What is needed is a live reference to the other application's object library.

Why Bind?

Binding is used when developing an application in one application's environment, e.g. Excel, and there is a need to generate, use as input, or manipulate a file whose "home" is another environment, e.g. creating and send an email using Outlook.

An alternative to binding would be to have code hosted in each of the different applications then the user executes each macro in order.  By binding, the macros in one application (the host) can call the macros in another, can invoke methods from the hosted object library

Since my experience so far is only in MS-Office applications, all of the following examples are a "host" Office application (or Object Library) and one or more "guest" or "foreign" or "bound" or "hosted" Office applications (Object Libraries)..
Host Application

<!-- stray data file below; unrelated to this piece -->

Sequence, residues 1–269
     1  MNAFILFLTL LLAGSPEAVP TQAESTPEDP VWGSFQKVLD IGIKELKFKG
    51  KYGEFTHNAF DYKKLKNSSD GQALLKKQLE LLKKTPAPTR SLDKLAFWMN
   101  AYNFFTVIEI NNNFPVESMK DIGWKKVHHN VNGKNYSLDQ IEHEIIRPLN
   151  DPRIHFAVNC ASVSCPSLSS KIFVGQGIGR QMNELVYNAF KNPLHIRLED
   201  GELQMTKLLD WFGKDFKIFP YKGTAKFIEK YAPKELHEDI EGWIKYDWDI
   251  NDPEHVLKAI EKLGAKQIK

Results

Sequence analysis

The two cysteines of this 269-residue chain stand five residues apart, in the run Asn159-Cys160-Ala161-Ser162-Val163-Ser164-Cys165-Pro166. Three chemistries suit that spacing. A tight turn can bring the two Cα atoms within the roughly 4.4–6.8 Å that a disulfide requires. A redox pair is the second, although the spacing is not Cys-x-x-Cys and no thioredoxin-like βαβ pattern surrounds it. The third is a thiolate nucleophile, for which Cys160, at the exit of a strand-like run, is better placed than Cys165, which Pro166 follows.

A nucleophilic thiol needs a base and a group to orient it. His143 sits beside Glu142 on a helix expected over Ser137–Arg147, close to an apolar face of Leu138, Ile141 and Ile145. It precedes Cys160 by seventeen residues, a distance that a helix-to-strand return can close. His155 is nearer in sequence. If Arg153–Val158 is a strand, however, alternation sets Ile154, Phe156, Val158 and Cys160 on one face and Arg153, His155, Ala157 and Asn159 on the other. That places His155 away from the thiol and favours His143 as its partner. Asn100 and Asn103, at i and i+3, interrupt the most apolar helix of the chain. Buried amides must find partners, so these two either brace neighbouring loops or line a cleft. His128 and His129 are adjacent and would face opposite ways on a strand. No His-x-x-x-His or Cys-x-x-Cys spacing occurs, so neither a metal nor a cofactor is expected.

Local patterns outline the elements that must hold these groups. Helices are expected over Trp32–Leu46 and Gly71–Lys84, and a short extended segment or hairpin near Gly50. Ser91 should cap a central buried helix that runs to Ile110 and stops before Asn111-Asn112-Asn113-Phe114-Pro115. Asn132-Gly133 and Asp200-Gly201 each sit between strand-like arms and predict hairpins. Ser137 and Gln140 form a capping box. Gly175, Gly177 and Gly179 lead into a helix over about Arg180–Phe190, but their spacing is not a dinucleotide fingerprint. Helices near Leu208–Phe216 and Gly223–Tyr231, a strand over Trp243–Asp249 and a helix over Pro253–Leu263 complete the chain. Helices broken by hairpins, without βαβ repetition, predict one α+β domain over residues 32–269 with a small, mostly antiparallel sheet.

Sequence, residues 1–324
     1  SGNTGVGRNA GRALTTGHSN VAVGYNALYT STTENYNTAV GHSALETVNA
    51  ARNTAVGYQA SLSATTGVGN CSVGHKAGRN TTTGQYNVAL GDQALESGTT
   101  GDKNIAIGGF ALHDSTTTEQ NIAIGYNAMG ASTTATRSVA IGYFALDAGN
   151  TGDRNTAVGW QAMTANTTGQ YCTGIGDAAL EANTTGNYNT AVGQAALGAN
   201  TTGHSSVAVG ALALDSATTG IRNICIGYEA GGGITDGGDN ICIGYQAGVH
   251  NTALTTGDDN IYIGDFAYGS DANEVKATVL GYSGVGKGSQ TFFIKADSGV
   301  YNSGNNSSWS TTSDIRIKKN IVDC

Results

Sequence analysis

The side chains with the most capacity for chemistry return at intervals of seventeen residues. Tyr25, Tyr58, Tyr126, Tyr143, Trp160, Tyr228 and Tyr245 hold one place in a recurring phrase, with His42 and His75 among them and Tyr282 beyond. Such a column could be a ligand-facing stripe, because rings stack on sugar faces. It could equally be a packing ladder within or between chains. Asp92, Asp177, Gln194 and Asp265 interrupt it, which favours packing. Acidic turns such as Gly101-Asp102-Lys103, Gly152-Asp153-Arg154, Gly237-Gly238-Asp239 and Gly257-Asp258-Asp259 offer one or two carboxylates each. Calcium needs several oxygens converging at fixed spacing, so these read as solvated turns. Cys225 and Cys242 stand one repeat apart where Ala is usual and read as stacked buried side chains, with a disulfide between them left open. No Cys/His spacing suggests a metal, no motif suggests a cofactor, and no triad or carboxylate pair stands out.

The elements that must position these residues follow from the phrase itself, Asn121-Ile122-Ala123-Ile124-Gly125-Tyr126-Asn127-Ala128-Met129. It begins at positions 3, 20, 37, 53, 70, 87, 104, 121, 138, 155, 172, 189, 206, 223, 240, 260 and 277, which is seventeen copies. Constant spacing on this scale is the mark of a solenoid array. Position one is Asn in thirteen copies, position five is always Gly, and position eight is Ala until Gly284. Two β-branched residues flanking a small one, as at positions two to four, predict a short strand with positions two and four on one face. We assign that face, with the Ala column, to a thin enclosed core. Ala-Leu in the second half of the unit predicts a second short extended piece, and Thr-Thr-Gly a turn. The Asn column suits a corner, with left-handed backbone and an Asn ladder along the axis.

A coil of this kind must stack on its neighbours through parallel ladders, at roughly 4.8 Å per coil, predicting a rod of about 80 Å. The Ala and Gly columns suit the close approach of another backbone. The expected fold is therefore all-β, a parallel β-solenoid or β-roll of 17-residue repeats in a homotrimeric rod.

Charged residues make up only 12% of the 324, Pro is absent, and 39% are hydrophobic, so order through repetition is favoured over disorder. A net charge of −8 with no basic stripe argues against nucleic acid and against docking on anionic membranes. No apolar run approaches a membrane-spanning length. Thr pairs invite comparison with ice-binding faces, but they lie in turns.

Excel input file needs to be manipulated prior to being added as a linked table, e.g. unprintable characters removed.
Use output of an Access query to control creation of a periodic report.
Send an Outlook email with a message and attachment.
Include in a presentation sections or graphics from a Word document, e.g. a mission statement that is standard for all organizations.
Use an Excel table to control the content of a presentation, e.g. one type of organization would include certain slides that others do not have, such as a P&L slide for business units but not for staff departments.

When Binding Occurs

The concept of binding did not spring forth from object orientation.  Prior to VBA, Java and object oriented languages, mainframe programs (source code) were compiled then the object code was linked together and finally the program was bound to databases.  This is still the case.  Binding was and is a post compilation step.